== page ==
Regulators need to participate in crypto conferences, LivQuik's Mohit Lalvani says

Regulators need to participate in crypto conferences, LivQuik’s Mohit Lalvani says

CoinGeek’s Becky Liggero spoke with Mohit Lalvani, who launched India’s first cryptocurrency wallet—QuikWallet—in 2012, about his dealings as a blockchain pioneer with government regulators in the country.

With increased pressure from the Reserve Bank of India against cryptocurrency businesses, LivQuik CEO Mohit Lalvani sees the problem as primarily one of education. Due to generational differences, those heading traditional agencies tend to be incompetent when it comes to newer technologies and their applications. And education, as Lalvani points out, “is very important for the whole world.”

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The RBI has prohibited banks from dealing with entities that engage in cryptocurrencies, fearing digital currencies being used for illegal activities. Although challenged in court, the RBI order remains in force.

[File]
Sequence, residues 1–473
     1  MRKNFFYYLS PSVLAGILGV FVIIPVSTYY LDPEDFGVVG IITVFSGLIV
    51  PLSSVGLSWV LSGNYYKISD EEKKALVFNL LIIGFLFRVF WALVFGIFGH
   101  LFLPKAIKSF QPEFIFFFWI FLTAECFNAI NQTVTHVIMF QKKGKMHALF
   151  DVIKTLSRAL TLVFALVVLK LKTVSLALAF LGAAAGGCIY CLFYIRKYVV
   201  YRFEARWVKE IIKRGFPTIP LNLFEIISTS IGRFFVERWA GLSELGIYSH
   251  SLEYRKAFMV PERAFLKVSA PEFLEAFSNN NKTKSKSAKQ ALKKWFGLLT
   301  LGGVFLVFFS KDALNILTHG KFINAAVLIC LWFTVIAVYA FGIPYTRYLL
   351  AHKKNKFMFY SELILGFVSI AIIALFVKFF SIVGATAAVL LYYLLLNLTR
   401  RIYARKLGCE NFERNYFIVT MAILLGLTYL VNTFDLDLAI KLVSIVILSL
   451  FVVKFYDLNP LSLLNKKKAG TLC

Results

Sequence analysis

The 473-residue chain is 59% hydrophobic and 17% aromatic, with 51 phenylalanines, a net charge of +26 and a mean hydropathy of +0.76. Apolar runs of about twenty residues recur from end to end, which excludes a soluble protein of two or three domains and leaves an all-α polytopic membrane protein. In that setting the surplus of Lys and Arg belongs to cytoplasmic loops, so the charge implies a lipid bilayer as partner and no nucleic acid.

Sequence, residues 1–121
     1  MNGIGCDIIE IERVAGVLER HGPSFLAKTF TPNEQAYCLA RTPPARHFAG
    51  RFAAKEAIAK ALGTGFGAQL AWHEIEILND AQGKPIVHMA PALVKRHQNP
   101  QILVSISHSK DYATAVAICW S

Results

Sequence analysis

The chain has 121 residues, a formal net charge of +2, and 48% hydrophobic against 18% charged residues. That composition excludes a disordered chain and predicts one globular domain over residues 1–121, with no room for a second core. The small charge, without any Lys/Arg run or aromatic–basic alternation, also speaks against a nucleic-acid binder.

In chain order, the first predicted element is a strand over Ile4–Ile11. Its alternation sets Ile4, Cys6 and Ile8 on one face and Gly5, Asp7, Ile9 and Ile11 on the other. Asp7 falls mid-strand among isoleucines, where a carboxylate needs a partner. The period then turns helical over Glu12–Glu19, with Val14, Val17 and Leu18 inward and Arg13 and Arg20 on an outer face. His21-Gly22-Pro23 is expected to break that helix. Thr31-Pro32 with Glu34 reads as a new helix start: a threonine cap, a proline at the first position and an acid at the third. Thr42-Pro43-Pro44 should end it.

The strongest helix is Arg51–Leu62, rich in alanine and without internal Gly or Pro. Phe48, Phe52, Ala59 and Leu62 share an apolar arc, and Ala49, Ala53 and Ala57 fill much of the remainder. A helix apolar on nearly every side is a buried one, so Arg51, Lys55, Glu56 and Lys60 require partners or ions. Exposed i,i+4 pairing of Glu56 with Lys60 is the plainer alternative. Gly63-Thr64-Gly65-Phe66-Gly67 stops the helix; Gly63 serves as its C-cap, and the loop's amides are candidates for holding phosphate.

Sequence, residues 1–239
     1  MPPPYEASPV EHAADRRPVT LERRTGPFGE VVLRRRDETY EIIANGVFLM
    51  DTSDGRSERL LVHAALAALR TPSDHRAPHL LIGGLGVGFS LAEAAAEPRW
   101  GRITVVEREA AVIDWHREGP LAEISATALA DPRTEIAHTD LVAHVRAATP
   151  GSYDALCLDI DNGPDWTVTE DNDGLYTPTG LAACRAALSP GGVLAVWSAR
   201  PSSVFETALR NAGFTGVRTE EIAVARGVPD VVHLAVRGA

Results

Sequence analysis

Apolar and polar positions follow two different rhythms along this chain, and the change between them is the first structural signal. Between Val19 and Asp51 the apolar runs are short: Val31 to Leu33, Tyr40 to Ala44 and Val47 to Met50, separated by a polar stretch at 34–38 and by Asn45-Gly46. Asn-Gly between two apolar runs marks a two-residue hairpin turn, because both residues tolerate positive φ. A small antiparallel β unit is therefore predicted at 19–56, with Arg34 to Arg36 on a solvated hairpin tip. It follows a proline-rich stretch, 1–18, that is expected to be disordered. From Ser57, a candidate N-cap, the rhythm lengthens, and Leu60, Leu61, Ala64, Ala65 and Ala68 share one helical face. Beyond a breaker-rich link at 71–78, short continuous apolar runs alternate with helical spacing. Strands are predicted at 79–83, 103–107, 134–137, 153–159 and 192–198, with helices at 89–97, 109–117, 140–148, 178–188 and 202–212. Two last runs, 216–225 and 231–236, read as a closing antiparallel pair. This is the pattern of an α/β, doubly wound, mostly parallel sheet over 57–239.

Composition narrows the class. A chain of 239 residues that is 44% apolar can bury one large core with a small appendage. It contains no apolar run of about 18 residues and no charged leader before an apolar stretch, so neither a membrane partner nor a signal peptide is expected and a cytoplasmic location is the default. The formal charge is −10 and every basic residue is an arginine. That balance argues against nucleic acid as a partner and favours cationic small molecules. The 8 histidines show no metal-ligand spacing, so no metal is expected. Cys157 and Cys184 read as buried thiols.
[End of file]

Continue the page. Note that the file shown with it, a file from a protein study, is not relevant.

Not to say that the cryptocurrency industry has no supporters. In July, the Law Commission of India released a report looking at blockchain as applied to regulated gambling and sports betting. The commission looks at cryptocurrencies as one of numerous methods of payment, along with more traditional products such as credit and debit cards.

What could be done to reach regulators who seem fixed in their way of thinking? When posed this question, Lalvani said, “We need lots of conferences, get-togethers with regulators. Regulators need to start participating in the conferences that we participate in today, so that they start understanding how things work. We need to work together rather than them playing bad cop.”

However things progress, Lalvani and his fellow Indian entrepreneurs will keep fighting. He said a similar clampdown occurred in Chile, and this was opposed.

Last April, the Chilean anti-monopoly court called for a reopening of accounts of two cryptocurrency exchanges in the country, which had been suspended by several local banks. The decision was affirmed by an appeals court last month.

“You can’t just ban us outright. Put up regulations in place,” Lalvani said.

In the end, it’s about keeping doors open between governments and the private sector. “We all need to work together. That’s very important,” he said.

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